US 7144938 B1
A composition and an article made from the composition are disclosed. The composition comprises, or is produced from, an ionomer, a polyamide, and one or more esters of montanic acid. The article includes film, sheet, filament, tape, molded part, thermoformed product, and container for food or non-food packaging, or combinations of two or more thereof.
1. A composition comprising, or produced from, an ionomer, a polyamide, and one or more esters of montanic acid wherein the ionomer comprises repeat units derived from ethylene and at least one comonomer and the polyamide includes (a) polyepsiloncaprolactam (nylon-6); (b) polyhexamethylene adipamide (nylon-66); (c) nylon-11; (d) nylon-12; (e) nylon-12,12; (f) nylon-6/66; (g) nylon-6/610; (h) nylon-6/12; (i) nylon-66/12; (j) nylon-6/66/610; (k) nylon-6/6T; (l) polymers of hexamethylenediamine isophthalamide; (m) copolymers of hexamethylenediamine, isophthalamide, and terephthalamide; (n) polymers of 2,2,4- trimethylhexamethylenediamine terephthalamide; (o) polymers of 2,4,4- trimethylhexamethylenediamine terephthalamide; (p) copolymers of hexamethylene diamine and 2-methylpentamethylenediame with iso- or tere-phthalic acids; or (q) combinations of two or more thereof.
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12. A process comprising combining an ionomer, polyamide, and one or more esters of montanic acid wherein
the ionomer comprises repeat units derived from ethylene and at least one comonomer;
the polyamide includes (a) polyepsiloncaprolactam (nylon-6); (b) polyhexamethylene adipamide (nylon-66); (c) nylon-11; (d) nylon-12; (e) nylon-12,12; (f) nylon-6/66; (g) nylon-6/610; (h) nylon-6/12; (i) nylon-66/12; (i) nylon-6/66/610; (k) nylon-6/6T; (l) polymers of hexamethylenediamine isophthalamide; (m) copolymers of hexamethylenediamine, isophthalamide, and terephthalamide; (n) polymers of 2,2,4- trimethylhexamethylenediamine terephthalamide; (o) polymers of 2,4,4- trimethylhexamethylenediamine terephthalamide; (p) copolymers of hexamethylene diamine and 2-methylpentamethylenediame with iso- or tere-phthalic acids; or (q) combinations of two or more thereof; and
the process includes dry blending, melt blending, extrusion, or combinations of two or more thereof.
13. A shaped or molded article comprising or produced from a composition wherein the shaped article includes film, sheet, filament, tape, molded part, thermoformed product, and container for food or non-food packaging, or combinations of two or more thereof and the composition comprises, or is produced from, ionomer, polyamide, and one or more esters of montanic acid wherein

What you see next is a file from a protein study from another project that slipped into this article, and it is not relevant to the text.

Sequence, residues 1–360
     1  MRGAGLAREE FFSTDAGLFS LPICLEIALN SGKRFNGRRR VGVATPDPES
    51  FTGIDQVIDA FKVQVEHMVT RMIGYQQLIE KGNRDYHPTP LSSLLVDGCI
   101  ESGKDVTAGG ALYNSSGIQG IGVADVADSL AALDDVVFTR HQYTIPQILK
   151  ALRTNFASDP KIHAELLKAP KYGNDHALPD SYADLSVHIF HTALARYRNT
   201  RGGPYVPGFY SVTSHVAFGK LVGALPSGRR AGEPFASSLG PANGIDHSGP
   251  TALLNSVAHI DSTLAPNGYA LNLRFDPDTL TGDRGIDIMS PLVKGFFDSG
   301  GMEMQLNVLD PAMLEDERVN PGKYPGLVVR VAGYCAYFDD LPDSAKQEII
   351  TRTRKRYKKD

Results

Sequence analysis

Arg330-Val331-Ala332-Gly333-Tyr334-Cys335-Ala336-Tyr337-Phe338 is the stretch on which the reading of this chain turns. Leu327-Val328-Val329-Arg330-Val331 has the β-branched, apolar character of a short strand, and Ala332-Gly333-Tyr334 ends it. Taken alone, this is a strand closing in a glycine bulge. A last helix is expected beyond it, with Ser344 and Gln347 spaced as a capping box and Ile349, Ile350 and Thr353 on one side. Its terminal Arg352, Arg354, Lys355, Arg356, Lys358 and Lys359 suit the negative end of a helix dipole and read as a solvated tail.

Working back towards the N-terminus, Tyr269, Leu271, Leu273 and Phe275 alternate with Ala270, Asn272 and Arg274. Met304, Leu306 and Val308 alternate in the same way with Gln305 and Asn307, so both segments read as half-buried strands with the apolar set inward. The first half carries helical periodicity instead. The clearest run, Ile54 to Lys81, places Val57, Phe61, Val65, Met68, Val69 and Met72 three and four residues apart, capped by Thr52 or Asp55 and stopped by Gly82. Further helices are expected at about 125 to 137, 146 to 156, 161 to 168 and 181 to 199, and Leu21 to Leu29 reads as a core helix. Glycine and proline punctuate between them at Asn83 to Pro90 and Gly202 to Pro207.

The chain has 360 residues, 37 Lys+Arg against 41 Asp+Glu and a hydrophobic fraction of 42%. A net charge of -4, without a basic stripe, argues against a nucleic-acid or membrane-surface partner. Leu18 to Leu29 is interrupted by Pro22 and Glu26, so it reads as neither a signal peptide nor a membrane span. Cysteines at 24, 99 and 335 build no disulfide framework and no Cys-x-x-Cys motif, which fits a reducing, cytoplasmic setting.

(1) the polyamide includes (a) polyepsiloncaprolactam (nylon-6); (b) polyhexamethylene adipamide (nylon-66); (c) nylon-11; (d) nylon-12; (e) nylon-12,12; (f) nylon-6/66; (g) nylon-6/610; (h) nylon-6/12; (i) nylon-66/12; (i) nylon-6/66/610; (k) nylon-6/6T; (l) polymers of hexamethylenediamine isophthalamide; (m) copolymers of hexamethylenediamine, isophthalamide, and terephthalamide; (n) polymers of 2,2,4-trimethylhexamethylenediamine terephthalamide; (o) polymers of 2,4,4-trimethylhexamethylenediamine terephthalamide; (p) copolymers of hexamethylene diamine and 2-methylpentamethylenediame with iso- or tere-phthalic acids; or (q) combinations of two or more thereof; and
(2) the ionomer comprises repeat units derived from ethylene and at least one comonomer.
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The invention relates to a composition comprising an ionomer and a polyamide and to a mold release composition derived therefrom.
Molded parts such as those in molding beauty panels for golf carts, bumpers, and other molded exterior parts desire high gloss, good weatherability, and high impact strength. Examples of blends of ionomers with polyamides, see e.g., U.S. Pat. Nos. 3,845,163; 5,866,658; and 5,091,478.
Zinc stearate has been used to improve the flow and mold release properties of ionomers such as Surlyn Reflection® available from E. I. du Pont de Nemours and Company, Wilmington, Del., USA (DuPont). While compositions comprising certain polyamide such as Nylon 6 may have sufficient mold release performance, however, those based on other polyamide such as Nylon 12 do not. Increasing the level of zinc stearate to a point where mold release is acceptable can unfortunately produce a composition with poor weld-line strength and impact resistance.
Improved mold release allows shorter cycle times for improved process economics and can allow higher mold temperatures for improved surface gloss and scratch resistance from a harder surface of the molded part.
In commercial operations, mold release agent, generally a polymer or a combination of polymers, can be an emulsion or dispersion in a solvent. If dispersed in a solvent, the solvent is used as a vehicle to wet the surface of a shaped-determining mold, onto which the release agent is applied. There is an increasing need to develop a new composition comprising an ionomer/polyamide blend and having good mold release properties.
A composition comprises or is produced from an ionomer, a polyamide, and one or more esters of montanic acid.